Australian Economy Shrinks


Australia’s economy unexpectedly shrank in the fourth quarter for the first time in eight years as exports and housing slumped, increasing pressure on the central bank to add to a record round of interest-rate cuts.

Gross domestic product fell 0.5 percent from the third quarter, when it increased 0.1 percent, the Bureau of Statistics said in Sydney today. The median estimate of 23 economists surveyed by Bloomberg News was for 0.2 percent growth. The nation’s currency dropped.

Waning consumer and business spending, falling house prices and a slump in construction have pushed Australia close to its first recession in two decades and prompted the central bank to slash borrowing costs by four percentage points since September to a 45-year low. Governor Glenn Stevens yesterday kept the benchmark interest rate at 3.25 percent, saying A$88 billion ($56 billion) in government spending will stoke growth this year.

The economy grew 0.3 percent from a year earlier to complete 17 years of expansion.

Housing investment fell 1.2 percent, detracting 0.1 percentage points from growth in the quarter. Exports dropped 0.8 percent, detracting 0.2 percentage points from GDP. A rundown in inventories detracted 1.4 percentage points. Consumer spending made no contribution to growth.

Growth may contract in coming quarters as a deepening global recession erodes demand for Australian exports.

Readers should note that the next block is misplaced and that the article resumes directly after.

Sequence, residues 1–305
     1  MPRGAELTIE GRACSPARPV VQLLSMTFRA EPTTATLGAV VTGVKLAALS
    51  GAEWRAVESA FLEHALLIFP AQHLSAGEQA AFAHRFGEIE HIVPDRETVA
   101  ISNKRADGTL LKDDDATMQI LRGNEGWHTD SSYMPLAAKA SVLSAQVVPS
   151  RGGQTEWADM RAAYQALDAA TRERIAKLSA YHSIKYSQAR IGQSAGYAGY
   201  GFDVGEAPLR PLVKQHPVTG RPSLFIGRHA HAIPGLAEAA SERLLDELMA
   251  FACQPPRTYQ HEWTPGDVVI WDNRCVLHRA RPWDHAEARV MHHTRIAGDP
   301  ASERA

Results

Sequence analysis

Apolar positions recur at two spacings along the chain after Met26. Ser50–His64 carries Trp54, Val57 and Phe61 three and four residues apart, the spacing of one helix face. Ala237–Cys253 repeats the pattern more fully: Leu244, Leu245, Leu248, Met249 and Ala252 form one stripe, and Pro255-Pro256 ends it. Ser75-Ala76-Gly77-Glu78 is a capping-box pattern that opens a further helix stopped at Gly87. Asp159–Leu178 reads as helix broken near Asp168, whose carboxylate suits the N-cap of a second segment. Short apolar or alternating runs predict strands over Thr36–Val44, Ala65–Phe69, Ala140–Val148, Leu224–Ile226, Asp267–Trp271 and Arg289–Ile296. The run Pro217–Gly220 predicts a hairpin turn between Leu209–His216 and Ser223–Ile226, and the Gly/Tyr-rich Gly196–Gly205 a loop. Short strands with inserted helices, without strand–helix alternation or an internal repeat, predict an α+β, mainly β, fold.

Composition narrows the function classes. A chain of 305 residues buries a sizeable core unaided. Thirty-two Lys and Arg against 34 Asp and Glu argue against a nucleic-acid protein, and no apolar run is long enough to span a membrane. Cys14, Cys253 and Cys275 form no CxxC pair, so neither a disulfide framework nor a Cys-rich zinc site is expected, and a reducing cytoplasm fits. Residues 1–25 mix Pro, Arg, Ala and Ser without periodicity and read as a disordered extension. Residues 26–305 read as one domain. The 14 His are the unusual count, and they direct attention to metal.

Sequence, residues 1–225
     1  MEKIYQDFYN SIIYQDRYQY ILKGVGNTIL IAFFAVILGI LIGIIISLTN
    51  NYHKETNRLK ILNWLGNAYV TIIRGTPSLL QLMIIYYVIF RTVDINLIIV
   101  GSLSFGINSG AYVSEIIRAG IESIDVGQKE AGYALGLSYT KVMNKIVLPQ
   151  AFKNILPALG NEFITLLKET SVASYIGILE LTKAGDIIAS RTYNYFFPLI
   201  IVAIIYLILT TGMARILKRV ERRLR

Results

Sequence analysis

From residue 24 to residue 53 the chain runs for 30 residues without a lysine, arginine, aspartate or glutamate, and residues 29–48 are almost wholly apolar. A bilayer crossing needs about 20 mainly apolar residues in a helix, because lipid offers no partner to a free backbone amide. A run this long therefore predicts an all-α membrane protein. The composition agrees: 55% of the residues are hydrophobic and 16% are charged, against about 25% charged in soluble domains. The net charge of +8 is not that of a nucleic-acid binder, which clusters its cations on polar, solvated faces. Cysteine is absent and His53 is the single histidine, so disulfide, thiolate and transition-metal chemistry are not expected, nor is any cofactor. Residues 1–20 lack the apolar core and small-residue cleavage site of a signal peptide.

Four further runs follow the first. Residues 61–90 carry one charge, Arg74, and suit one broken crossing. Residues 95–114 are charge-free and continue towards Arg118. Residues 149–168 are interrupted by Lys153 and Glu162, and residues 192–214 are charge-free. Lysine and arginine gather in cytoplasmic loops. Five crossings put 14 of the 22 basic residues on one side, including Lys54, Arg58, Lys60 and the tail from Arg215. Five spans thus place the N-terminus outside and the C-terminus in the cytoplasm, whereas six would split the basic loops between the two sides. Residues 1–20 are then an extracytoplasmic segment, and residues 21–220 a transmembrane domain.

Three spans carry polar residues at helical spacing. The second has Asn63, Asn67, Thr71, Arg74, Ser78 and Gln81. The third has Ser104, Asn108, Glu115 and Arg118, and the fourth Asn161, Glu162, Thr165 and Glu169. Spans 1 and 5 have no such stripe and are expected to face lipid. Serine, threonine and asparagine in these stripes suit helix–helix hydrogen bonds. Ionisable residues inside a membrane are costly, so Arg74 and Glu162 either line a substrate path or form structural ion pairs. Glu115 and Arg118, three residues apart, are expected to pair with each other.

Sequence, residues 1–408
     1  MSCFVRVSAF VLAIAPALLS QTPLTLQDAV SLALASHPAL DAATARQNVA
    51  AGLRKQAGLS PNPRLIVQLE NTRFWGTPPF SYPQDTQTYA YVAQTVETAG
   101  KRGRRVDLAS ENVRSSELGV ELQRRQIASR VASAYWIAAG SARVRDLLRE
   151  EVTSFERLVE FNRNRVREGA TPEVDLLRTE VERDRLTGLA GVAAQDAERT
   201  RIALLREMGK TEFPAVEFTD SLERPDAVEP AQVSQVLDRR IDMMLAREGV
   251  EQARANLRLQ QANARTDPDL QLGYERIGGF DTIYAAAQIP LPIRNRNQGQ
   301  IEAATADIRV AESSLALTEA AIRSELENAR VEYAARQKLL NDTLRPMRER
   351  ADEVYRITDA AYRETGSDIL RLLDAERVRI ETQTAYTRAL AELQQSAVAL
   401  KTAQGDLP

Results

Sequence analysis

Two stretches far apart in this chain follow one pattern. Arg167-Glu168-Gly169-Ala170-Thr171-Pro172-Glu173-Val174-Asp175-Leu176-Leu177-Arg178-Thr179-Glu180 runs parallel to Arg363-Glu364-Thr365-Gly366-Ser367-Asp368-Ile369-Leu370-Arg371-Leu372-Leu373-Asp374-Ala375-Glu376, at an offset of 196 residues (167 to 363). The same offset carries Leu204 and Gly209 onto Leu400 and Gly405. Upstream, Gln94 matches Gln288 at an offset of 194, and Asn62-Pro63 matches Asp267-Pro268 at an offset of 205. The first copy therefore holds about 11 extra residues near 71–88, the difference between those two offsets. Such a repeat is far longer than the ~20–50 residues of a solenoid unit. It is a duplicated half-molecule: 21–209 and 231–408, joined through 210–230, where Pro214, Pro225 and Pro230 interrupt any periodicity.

Commodity exports from Australia, the world’s biggest shipper of iron ore, coal and wool, are forecast to decline in fiscal 2010 for the first time in six years, the Australian Bureau of Agricultural and Resource Economics said yesterday.

A separate report published by the group today showed demand for services shrank last month. Company profits fell in the fourth quarter by 6.5 percent, the first decline in more than a year, the government said on March 2.

Waning consumer confidence and the global economic crisis have eroded earnings at companies from manufacturer Pacific Brands Ltd. to retailer Harvey Norman Holdings Ltd.

Nearly 40 percent of Australian companies reporting first- half earnings this month either cut or reduced dividends to conserve capital and reduce debt, according to Shane Oliver, senior economist at AMP Capital Investors in Sydney.

Australia & New Zealand Banking Group Ltd., the nation’s fourth-largest lender, said last week it will cut its dividend by about 25 percent, the first reduction since a 1991 recession.

Pacific Brands, the nation’s biggest maker of underwear, said last week it will slash 23 percent of its workforce and halt local manufacturing. Harvey Norman, Australia’s biggest electronics retailer, said on Feb. 27 slowing sales growth helped trigger a 57 percent slump in first-half profit.

The jobless rate rose to 4.8 percent in January, the highest in almost three years, a report showed on Feb. 12.

To stoke boost household spending, the government distributed A$8.9 billion in cash handouts in December, helping fuel a 3.8 percent surge in retail sales in that month. Home- loan approvals also had the biggest gain in almost nine years and business investment rose in the fourth quarter.

The chain price index, a measure of retail prices, climbed 8.5 percent in the fourth quarter from a year earlier, today’s report showed.


TradingEconomics.com, Bloomberg
3/3/2009 5:53:28 PM